Among the other things we learned Wednesday:
• The Justice Department identified Sterling's gun as a .38 caliber revolver, with six rounds in it.
• While two videos showing the incident have been released publicly, there are four other videos in evidence: two body camera recordings, one from a store surveillance camera, and one from the dashboard camera in a patrol car.
• Lake twice used his Taser on Sterling before the scuffle.
Justice department: Not enough evidence for federal charges
Federal prosecutors concluded there is not enough evidence to support civil rights charges against either officer.
"We would have to prove, beyond a reasonable doubt, that Officer Salamoni did not believe that Mr. Sterling was actually going for a gun ... and that he simply decided to shoot him," said Corey Amundson, acting US attorney for the Middle District of Louisiana.
Several of Sterling's relatives wept after the DOJ told the family no federal charges will be filed. But Stewart said he thinks the state will find reason to charge the officers.
"We're not angry," Stewart said. "We're not gonna ... let rage rule, because it's not over."
Lake's attorney, Fred T. Crifasi, called the shooting a tragic loss.
"It has drastically changed the lives of all those personally connected and has indirectly affected so many more. While Officer Lake is certainly relieved by the conclusion reached by the United States Department of Justice, he is aware that this investigation is now in the hands of the Attorney General for the State of Louisiana," he said. Accordingly, he will continue to refrain from publicly commenting on the facts of the case."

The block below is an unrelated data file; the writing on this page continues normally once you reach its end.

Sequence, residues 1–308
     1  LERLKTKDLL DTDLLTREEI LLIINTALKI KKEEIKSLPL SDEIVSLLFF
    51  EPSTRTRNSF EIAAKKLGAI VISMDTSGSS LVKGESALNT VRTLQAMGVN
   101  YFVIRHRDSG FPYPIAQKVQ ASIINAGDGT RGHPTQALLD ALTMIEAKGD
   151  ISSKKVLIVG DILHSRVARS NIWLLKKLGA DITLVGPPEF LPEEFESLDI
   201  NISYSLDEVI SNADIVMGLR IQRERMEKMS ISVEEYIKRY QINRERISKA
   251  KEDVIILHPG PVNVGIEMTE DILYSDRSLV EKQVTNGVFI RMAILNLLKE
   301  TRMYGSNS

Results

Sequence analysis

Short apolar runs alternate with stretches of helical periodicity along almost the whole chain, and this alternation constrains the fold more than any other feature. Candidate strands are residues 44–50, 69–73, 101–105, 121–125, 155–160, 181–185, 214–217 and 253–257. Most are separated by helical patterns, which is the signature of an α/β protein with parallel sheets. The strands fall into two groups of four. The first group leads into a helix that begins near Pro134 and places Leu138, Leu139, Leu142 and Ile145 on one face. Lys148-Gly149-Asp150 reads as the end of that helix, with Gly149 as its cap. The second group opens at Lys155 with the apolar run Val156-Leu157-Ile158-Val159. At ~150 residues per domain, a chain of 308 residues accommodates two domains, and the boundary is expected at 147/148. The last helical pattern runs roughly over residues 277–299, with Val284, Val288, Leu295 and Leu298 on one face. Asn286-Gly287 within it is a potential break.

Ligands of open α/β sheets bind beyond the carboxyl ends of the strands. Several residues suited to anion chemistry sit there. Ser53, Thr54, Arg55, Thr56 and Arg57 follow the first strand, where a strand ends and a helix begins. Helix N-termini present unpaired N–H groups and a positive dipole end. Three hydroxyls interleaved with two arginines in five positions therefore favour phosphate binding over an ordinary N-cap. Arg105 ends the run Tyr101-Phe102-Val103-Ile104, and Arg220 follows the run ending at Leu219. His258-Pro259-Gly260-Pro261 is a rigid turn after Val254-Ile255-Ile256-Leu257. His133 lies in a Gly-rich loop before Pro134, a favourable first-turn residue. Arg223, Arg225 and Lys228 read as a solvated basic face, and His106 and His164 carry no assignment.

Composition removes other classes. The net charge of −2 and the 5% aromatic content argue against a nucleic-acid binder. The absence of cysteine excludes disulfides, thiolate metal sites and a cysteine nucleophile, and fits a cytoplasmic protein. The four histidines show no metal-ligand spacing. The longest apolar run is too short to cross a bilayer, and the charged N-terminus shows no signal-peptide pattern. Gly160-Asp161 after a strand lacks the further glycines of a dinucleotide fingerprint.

McLindon said he agreed with the Justice Department's decision "100%" and will contact the Louisiana attorney general on Thursday about cooperating with the next investigation.
Shot on the ground
The killing gripped the nation because two bystander videos, each less than a minute long, captured Sterling's struggle with the two officers.
Sterling's fatal encounter with police started when he was standing outside the convenience store where he frequently sold CDs and DVDs. Someone called 911 to report a man outside the store with a gun.
Video -- which apparently begins after Salamoni pointing his gun -- shows an officer rushing Sterling and pulling him to the ground. The other officer helps restrain Sterling. Someone shouts, "He's got a gun!"
Police eventually manage to pin Sterling to the ground, with one officer straddling him. In one video, an officer draws something from his waistband and points it at Sterling. As the camera turns away, more yelling ensues, followed by several loud bangs.
Afterward, the camera captures Sterling with a large bloodstain on his chest as an officer on the ground next to him keeps his gun pointed at Sterling.
As Sterling lies fatally wounded, the other officer removes something from Sterling's right pocket.
CNN's Emanuella Grinberg, Kevin Conlon, Chuck Johnston, and Nick Valencia contributed to this report.